Fishing Laws In The UK
Despite the blissful simplicity of the activity itself, getting the required permits and following all the required laws for fishing is anything but when considering fishing laws in UK waters.
There’s a huge range of factors to consider, including the body of water you’re using, the types of fish you’re looking to catch, the equipment being used, and the time of year you’re going.
What’s more, these factors can also be affected by local rules, too, rather than just national laws.
Despite being bogged down with lots of red tape, it is still fairly simple to begin fishing in the UK – and here’s a short breakdown of everything that’s worth remembering. In short, there are three types of water in the UK – the sea, and then water that’s either publicly or privately owned.
However, in SHTF situations everything will be fair game, you’re fishing to keep you and your family alive so put monetary fines out of your mind, if the worst truly has happened nobody will be too bothered where you dip your rod.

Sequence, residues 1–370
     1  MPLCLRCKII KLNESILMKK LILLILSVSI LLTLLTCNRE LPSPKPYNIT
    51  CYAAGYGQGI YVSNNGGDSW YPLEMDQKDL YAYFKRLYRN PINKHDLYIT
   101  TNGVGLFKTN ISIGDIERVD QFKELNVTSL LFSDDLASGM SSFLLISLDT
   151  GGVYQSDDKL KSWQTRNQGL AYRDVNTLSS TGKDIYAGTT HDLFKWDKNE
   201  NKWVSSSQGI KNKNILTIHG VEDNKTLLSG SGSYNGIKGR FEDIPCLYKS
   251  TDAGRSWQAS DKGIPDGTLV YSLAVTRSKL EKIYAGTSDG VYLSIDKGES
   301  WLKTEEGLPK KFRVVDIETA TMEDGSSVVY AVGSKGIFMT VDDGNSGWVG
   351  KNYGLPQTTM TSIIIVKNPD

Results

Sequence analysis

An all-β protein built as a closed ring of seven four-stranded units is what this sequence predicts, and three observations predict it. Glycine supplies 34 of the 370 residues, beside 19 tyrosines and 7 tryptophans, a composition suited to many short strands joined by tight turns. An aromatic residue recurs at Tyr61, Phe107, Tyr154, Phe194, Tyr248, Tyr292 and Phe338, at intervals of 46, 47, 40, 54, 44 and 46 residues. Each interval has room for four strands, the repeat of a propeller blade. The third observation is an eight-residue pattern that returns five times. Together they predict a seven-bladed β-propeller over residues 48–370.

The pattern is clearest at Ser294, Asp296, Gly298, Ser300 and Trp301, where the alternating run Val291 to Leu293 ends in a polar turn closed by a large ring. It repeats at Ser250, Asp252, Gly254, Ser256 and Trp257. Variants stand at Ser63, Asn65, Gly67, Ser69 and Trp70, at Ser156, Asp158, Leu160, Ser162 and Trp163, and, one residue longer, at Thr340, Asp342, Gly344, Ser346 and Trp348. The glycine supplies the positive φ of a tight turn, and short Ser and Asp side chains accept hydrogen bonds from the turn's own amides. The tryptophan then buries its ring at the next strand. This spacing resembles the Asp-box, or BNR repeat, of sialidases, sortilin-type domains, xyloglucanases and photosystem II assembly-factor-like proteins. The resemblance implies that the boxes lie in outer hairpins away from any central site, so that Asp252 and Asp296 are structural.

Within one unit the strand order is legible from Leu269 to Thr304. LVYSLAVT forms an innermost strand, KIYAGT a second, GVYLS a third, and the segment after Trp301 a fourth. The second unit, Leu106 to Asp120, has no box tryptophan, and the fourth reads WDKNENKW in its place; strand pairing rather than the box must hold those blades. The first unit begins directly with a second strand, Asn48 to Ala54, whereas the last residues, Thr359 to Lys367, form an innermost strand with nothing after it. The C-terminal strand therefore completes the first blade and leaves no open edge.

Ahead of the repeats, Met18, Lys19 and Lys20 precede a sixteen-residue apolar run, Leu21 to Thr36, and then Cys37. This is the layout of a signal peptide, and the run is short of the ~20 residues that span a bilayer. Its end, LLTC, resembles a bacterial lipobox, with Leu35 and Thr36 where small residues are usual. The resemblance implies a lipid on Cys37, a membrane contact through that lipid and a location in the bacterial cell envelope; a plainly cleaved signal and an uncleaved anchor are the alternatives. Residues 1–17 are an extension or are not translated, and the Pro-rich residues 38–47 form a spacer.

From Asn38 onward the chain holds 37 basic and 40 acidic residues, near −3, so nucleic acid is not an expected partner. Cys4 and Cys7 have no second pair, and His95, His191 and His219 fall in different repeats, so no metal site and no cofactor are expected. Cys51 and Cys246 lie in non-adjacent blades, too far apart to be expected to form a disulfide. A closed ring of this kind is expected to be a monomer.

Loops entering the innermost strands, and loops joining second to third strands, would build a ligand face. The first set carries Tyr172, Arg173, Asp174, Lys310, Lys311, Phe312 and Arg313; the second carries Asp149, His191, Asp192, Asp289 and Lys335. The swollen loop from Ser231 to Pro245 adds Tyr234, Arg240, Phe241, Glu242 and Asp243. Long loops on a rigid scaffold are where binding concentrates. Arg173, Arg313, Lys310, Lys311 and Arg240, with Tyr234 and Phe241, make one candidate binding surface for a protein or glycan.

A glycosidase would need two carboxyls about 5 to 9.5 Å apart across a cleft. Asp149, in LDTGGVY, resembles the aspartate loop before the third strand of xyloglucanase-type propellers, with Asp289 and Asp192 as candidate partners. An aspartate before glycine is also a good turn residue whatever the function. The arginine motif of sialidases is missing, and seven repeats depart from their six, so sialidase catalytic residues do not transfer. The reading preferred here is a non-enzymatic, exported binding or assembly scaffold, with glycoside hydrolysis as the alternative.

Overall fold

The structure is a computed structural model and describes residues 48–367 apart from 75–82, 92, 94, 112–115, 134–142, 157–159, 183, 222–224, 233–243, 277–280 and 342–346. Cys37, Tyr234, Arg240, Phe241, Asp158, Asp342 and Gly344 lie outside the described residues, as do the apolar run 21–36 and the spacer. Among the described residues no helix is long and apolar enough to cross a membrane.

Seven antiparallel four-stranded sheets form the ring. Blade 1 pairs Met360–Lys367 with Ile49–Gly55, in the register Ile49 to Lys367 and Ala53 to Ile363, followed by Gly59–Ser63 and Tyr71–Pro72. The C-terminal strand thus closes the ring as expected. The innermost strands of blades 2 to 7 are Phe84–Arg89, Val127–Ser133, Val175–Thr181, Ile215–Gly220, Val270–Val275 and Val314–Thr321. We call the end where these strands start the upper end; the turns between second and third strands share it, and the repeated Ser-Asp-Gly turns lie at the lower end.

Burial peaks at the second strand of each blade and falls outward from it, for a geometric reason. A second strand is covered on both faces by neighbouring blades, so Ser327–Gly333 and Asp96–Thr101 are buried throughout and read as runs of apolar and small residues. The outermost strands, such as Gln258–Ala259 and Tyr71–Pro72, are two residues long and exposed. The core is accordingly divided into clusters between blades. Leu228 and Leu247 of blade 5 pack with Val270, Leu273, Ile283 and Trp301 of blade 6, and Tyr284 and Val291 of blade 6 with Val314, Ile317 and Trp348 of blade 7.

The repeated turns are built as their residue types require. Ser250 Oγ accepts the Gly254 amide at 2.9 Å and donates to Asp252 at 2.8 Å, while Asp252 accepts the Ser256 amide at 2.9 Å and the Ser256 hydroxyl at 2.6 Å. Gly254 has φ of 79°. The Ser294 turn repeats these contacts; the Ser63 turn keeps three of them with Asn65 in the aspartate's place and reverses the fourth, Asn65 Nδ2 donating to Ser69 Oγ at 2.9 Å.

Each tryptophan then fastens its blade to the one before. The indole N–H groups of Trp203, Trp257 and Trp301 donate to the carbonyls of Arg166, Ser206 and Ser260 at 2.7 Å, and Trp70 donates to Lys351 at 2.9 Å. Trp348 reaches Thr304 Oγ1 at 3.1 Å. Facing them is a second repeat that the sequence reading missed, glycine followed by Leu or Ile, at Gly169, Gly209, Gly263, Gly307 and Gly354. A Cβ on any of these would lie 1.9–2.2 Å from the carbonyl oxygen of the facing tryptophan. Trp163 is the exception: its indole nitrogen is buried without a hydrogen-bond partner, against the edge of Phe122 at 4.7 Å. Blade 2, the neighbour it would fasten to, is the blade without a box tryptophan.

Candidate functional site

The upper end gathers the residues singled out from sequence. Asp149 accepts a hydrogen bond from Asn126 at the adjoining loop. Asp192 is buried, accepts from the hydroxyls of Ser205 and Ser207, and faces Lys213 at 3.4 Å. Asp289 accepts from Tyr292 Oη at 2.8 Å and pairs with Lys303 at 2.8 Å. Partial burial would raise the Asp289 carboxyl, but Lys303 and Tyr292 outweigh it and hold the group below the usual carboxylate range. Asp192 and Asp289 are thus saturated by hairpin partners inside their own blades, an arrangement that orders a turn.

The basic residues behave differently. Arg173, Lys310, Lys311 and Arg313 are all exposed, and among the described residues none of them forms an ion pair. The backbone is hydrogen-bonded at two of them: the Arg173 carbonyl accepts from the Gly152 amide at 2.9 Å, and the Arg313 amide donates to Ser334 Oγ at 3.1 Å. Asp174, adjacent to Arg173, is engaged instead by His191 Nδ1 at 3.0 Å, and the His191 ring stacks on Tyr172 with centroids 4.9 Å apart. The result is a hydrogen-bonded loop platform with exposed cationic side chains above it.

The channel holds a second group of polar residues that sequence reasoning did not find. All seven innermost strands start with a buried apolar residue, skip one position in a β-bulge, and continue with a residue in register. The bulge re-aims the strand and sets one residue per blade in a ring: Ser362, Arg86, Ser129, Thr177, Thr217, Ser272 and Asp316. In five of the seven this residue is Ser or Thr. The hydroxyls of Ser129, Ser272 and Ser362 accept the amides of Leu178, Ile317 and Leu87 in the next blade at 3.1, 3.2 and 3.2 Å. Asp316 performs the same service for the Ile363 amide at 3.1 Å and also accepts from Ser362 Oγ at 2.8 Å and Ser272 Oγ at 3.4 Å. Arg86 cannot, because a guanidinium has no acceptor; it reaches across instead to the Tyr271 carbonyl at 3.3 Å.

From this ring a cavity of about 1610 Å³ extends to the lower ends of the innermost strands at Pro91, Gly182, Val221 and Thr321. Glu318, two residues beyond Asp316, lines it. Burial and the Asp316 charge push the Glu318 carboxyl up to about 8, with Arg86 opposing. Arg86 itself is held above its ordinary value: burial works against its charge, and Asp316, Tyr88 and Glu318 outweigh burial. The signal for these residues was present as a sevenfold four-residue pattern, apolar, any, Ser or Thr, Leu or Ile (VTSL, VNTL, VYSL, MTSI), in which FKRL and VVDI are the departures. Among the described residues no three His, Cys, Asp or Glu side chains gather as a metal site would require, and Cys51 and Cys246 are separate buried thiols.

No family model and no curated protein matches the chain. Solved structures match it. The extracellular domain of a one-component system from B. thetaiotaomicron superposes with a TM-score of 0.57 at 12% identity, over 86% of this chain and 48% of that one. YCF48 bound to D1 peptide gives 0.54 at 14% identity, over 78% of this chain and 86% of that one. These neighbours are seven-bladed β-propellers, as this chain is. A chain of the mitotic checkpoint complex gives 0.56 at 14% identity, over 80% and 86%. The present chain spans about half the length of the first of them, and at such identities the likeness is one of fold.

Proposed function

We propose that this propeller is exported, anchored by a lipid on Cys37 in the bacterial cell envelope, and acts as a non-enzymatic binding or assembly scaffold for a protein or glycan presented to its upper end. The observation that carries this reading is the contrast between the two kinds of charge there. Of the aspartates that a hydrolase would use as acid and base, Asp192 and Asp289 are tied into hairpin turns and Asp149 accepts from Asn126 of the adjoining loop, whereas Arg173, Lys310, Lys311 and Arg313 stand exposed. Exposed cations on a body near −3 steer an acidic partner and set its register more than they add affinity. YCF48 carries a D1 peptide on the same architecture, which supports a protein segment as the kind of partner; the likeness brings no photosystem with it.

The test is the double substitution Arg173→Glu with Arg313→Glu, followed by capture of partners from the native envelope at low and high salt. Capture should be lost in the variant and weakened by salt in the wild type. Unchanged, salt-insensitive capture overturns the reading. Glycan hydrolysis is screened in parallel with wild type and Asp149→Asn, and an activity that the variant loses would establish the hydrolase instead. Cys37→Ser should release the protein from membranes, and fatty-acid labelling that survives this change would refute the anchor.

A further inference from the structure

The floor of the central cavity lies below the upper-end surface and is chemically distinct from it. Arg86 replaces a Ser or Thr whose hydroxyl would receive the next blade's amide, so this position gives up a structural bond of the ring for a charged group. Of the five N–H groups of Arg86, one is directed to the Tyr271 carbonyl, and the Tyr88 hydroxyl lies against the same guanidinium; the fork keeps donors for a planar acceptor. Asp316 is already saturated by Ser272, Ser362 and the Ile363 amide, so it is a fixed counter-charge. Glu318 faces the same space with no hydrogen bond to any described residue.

Although this is a much simpler issue, the fewer rules are more strict, because publicly owned waterways are managed by the Environmental Agency. Streams, rivers and waterways are all legally considered the same in the government’s eyes – so if you’re good to use one, then you’re good to use the others.
Seasons come into play here, and you can’t go fishing for coarse fish anywhere in England or Wales from March the 15th to June the 15th. There are also enclosed and open waters. Nobody will be patrolling waterways if WWIII is going on, so feel free to cast into any public water but make sure it’s not contaminated.
Enclosed waters includes ponds, lakes, reservoirs and oxbow lakes – places where there’s no apparent current. Outside of the above timeframe, you are allowed to search for coarse fish, eels, and trout here.
As you can probably expect, privately owned land does require a permit to fish – meaning it is legal, but it is quite difficult to attain one. There isn’t a lot of categories you need to fit into, but the process of getting the license can be quite time consuming.
You’ll require a rod license, which can be attained on the official government website. Presumably, you’re over 13 – but if not, then you won’t need one. It’s also worth getting one purely for the financial aspect.
Get caught using private land without a license, and you’ll face a fine of up to £2,500 – money that could instead be used as a huge contribution towards your survival cache.
There are two types of licenses available when it comes to staying on the right side of fishing laws in UK waterways.
The first is one that permits fishing for trout, coarse fish and eel, while the other also includes salmon and sea trout. This is more expensive, at around £80 per annum. Depending on which you choose, you can get multiple rods covered on one license. Find out more here.